Although traditional polymer coatings mechanically bond to substrates that have been extensively prepared, if gouged, moisture and oxygen will migrate under the coating’s film from all sides of the gouge.
By contrast, the same damage to the ceramic coated substrate will not spread corrosion in oil and gas facilities because the carbon steel’s surface is turned into an alloy of stable oxides. Once the steel’s surface is stable (the way noble metals like gold and silver are stable) it will no longer react with the environment and cannot corrode.
Visible in scanning electron microscope photography, EonCoat does not leave a gap between the steel and the coating because the bond is chemical rather than mechanical. Since there is no gap, even if moisture was to get through to the steel due to a gouge, there is nowhere for the moisture to travel, which effectively stops corrosion in upstream, midstream and downstream applications.
The corrosion barrier is covered by a ceramic shell that resists corrosion, fire, water, abrasion, impact, chemicals and temperatures up to 400 F. Beyond this, the ceramic shell serves a unique role that helps to end the costly maintenance cycle of replacing typical barrier type coatings every few years.
“If the ceramic shell and alloy layer is ever breached, the ceramic shell acts as a reservoir of phosphate to continually realloy the steel,” explains Merrick Alpert, president of EonCoat. “This self-heals the breach, depending on its size, and stops the corrosion if necessary. This capability, along with the coating’s other properties, enables effective corrosion protection for the life of in-service structures with a single application.”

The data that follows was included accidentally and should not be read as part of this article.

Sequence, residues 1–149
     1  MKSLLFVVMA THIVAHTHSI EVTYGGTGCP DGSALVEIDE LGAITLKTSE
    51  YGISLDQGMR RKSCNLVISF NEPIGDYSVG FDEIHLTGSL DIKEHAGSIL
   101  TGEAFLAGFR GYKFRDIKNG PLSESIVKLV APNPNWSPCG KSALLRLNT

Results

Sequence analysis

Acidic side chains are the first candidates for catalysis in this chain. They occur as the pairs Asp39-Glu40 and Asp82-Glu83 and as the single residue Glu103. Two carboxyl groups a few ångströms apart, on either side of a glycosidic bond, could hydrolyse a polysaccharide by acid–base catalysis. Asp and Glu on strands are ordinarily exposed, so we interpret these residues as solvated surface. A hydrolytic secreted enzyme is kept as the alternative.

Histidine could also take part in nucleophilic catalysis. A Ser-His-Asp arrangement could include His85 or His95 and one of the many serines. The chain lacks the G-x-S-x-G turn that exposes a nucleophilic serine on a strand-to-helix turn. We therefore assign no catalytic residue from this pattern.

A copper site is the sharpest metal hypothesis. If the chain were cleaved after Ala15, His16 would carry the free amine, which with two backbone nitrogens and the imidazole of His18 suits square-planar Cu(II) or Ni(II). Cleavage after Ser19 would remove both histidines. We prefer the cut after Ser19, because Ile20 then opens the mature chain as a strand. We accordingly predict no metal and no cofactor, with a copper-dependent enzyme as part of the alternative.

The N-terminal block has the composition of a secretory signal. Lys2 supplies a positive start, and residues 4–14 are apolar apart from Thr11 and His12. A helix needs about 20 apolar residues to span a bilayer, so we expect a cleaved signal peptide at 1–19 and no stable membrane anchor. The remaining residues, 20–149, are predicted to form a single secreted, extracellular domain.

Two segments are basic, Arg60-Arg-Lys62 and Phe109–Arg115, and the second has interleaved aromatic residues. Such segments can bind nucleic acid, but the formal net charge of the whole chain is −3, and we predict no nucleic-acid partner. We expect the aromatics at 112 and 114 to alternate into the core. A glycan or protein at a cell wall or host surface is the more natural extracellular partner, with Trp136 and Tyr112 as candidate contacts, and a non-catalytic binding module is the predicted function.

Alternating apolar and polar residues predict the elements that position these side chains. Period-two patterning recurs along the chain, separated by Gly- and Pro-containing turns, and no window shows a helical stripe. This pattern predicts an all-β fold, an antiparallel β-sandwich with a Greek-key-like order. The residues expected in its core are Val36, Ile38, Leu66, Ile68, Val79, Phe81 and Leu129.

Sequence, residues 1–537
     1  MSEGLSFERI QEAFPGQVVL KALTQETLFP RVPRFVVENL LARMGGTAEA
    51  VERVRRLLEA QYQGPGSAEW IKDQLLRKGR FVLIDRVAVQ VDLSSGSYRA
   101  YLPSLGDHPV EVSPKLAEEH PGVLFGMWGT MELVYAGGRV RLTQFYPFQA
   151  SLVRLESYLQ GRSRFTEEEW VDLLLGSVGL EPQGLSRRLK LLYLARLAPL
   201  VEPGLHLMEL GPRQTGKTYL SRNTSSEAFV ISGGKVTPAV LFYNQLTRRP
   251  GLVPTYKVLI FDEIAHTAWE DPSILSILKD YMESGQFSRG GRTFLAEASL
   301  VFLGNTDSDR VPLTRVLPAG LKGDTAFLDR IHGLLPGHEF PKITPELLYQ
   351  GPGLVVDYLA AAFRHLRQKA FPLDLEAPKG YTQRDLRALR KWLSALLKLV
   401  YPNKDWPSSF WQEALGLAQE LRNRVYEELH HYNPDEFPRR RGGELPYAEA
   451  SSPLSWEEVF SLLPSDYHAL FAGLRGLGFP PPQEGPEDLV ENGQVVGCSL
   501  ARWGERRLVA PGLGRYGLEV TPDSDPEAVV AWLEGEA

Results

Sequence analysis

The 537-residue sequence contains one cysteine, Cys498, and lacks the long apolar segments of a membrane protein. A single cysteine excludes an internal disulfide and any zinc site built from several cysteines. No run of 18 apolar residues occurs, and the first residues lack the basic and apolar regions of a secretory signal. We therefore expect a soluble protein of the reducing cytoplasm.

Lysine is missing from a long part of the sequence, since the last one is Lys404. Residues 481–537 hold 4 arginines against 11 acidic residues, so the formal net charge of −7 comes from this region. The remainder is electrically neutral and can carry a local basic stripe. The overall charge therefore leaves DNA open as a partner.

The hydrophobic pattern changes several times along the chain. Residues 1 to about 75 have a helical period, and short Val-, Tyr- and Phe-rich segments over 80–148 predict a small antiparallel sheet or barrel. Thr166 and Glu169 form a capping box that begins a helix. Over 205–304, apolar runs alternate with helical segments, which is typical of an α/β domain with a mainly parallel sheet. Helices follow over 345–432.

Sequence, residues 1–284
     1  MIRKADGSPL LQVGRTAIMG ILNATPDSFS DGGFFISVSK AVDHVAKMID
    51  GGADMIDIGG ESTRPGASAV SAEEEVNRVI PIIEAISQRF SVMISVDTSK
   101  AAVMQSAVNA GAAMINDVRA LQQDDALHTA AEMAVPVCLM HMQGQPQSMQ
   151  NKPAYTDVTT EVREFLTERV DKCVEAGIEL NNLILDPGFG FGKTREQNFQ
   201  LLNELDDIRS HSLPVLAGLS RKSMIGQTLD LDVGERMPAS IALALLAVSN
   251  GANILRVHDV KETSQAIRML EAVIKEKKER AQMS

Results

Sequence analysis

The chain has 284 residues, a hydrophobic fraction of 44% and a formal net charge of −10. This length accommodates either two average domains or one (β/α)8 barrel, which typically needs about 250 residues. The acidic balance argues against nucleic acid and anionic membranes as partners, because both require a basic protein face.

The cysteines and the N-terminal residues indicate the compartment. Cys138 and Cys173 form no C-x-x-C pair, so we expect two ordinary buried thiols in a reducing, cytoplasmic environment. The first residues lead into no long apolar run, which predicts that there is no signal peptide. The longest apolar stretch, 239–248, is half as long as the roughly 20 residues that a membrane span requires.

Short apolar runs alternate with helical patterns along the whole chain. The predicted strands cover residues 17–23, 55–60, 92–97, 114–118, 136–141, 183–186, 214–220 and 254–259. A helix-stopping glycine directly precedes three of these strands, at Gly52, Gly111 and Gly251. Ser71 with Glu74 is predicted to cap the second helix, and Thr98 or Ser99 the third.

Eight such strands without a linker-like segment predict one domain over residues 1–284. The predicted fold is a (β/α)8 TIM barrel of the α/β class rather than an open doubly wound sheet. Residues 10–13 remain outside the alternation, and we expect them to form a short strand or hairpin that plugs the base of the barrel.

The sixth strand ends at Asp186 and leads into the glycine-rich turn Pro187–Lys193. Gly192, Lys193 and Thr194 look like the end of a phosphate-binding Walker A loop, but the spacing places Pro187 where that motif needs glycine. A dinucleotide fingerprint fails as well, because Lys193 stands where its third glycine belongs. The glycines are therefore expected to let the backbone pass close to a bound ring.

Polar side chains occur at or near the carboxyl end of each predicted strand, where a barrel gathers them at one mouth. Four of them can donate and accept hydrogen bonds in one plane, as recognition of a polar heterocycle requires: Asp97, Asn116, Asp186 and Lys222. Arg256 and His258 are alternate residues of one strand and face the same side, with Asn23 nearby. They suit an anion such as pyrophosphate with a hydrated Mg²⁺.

For such corrosion protection, Wuhan Hengshi Engineering LLC spray applied EonCoat to 38 containers that were put into service for EDC of CNOOC, covering about 1,837 square meters (19,773 sq. ft) total. Over three years later the containers indicate excellent corrosion protection, except for a few areas of coating fall-out due to container collision. These areas were quickly repaired and the units put back into service.
“When equipment like containers are roughly handled to the point where the steel and surrounding CBPC coating are damaged, the coating can typically be repaired by simply spraying a new layer of EonCoat over the old one, provided any chipped edge is abraded to a smooth transition,” says Alpert. “Because of this, equipment can be returned to service in a matter of hours if the company has the spray equipment onsite.”
Oil and gas operation managers or corrosion engineers looking to reduce costs are finding additional advantages to CBPC coatings like EonCoat beyond corrosion resistance.
Such coatings consist of two non-hazardous components that do not interact until applied by a standard industrial plural spray system like those commonly used to apply polyurethane foam or polyurea coatings. Since CBPC coatings are inorganic and non-toxic, there are no VOCs, no HAPs and no odor. This means the non-flammable coatings can be applied safely even in confined spaces.